I remember a seminary professor of mine saying once, “The biggest problem most preachers have is they don’t read enough fiction.” I’ll admit, at the time, with all the problems I could list that most churches and pastors experience, a lack of novels was not near the top of my list.
In time, though, I came to realize this professor was right, and more importantly, I came to understand why. I realized, too, that when it comes to moral decision-making, the same holds true. So I’ll propose a similar ally in a quest for understanding and nourishing our moral and ethical frameworks: stories. Here’s why.
Stories speak the soul’s native language.
As humans created in the image of God, we’re hard-wired by God to be drawn toward narrative. This makes sense at one level when you stop and think about the fact that, as creatures, at our most basic level, we are all part of one cosmic story of redemption authored by God himself. We are born with an innate knowledge of this story’s Author (Rom. 1:20). Those of us in Christ have been given a preview of the plot’s culmination and are commissioned to reshape our own lives in light of our role in that final, everlasting chapter.
On another level, we’re created to love stories because God reveals himself to us in story form—and does so for a reason. Think about the nature of Scripture. At Sinai, God dictated the Ten Commandments to Moses. He could have just as easily done that with the entire Bible, giving us a divinely inspired systematic theology textbook. But he didn’t. Instead, he gave us a long and winding story about people and places and problems that often feel quite distant to us. And in spite of that, God tells us this is our story, and challenges us to find our place in it.
Much closer to home, the effect narrative has on us is powerful. Your average boy doesn’t learn about bravery from a daycare lecture on virtue; instead, long before he’s able to spell chivalry, he’s captivated by the hero racing into dark caves to ward off dragons and save the princess—and he’s playacting the same script in the woods and on the playground. More awkwardly, we’re all familiar with “that guy” at the gym—Jock Jams blaring in his ear buds, staring into the mirror between sets admiring his simulated swing as he imagines being the hero who hits the game-winning home run. In both cases, the story and script drill down deeply to the level of one’s own identity and intuitions.
For most, our first exposure to injustice, glory, sacrifice, rescue, heroism, and wickedness is often in some story. And our lives and psyches are shaped in ways we often don’t even realize by the stories we read, superimpose on our lives, and then rehearse in ways big and small. Why is that?
Stories sneak past the fallen soul’s defenses.
In Scripture, there’s a reason that Nathan, when forced to confront King David on his adultery with Bathsheba and subsequent murder of Uriah, told a story about a rich man selfishly stealing a ewe lamb from a poor man. David, not seeing himself as part of this story, is outraged by the audacity of the man. And it’s only at that point that Nathan cries out that “You are the man” in this story, the one you say “deserves to die” because of his wickedness (2 Sam. 12:5). Nathan knows if he leads with an accusation, “You murdered Uriah! How could you?,” he’ll be met with some justification from David, “You don’t understand!” Instead, Nathan abstracts David’s sins and refashions them into a story that gets around the defenses David’s heart has constructed.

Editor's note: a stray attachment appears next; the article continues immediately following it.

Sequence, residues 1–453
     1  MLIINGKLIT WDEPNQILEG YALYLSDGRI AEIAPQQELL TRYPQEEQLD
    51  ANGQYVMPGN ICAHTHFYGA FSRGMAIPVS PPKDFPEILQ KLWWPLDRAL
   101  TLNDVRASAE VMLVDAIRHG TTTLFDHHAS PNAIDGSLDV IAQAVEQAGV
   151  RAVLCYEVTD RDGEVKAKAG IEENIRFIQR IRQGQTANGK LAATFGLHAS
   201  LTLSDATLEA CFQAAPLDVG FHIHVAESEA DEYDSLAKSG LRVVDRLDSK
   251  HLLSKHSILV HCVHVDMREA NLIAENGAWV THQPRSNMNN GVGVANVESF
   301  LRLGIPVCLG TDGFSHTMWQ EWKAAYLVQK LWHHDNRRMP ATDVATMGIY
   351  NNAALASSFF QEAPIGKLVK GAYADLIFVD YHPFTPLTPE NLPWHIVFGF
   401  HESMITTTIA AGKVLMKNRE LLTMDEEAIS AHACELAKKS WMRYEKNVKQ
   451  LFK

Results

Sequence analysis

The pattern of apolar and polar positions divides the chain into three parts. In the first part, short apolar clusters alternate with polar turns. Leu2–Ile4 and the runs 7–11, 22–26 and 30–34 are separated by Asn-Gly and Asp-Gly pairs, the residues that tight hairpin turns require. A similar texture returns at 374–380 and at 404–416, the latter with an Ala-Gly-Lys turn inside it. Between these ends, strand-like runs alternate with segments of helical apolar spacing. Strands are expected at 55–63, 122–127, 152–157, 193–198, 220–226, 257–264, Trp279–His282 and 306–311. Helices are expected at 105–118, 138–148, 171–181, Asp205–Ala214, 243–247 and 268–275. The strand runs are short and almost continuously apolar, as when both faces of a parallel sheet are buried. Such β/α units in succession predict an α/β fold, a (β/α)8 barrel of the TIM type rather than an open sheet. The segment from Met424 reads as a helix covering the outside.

You and I, though, do the same thing that David did: we put up defenses that justify whatever actions we take. Any good preaching class uses Nathan as an example of how to preach, because sin has constructed barriers into the human heart to guard it from oncoming accusation. The job of the preacher is to find ways around those defenses.
In the same vein, Jonathan Haidt, in his excellent book The Righteous Mind, argues convincingly that when it comes to moral judgments and decision-making, our intuitions come first, strategic reasoning second. When strategic reasoning does come in, our reasoning acts less like a judge, impartially weighing evidence, but acts instead like a press secretary, immediately seeking to find justifications for decisions.
When we read, then, we do two things at once. On the one hand, we feed our instincts. Stories are uniquely absorbed into our lives and identities in ways that aren’t always easy to perceive. In reading, we don’t merely consume as in visual media. In reading, we engage: we go to different places, experiencing things not available to us in our own localities. We are confronted with difficulties we did not create and thus forced to feel empathy for people and situations we might not otherwise have occasion to consider. On the other hand, when we read we also welcome concepts in through a back door that evade the walls we have constructed in our own hearts. We invite pangs and insights that a sterile and shallow world of our own construction might never otherwise allow to enter in.
Of course, not all stories are nourishing; not all food is healthy. And reading, in and of itself, makes not a more virtuous person. But make no mistake: stories are powerful. As we identify with what we take in, we feed our ethical imaginations and broaden our moral vocabulary—creating categories, carving pathways, and cultivating instincts that show up in hundreds of ways every single day.
If that’s the case, then, as counter-intuitive as it may sound, when it comes to moral decision-making, you are what you read.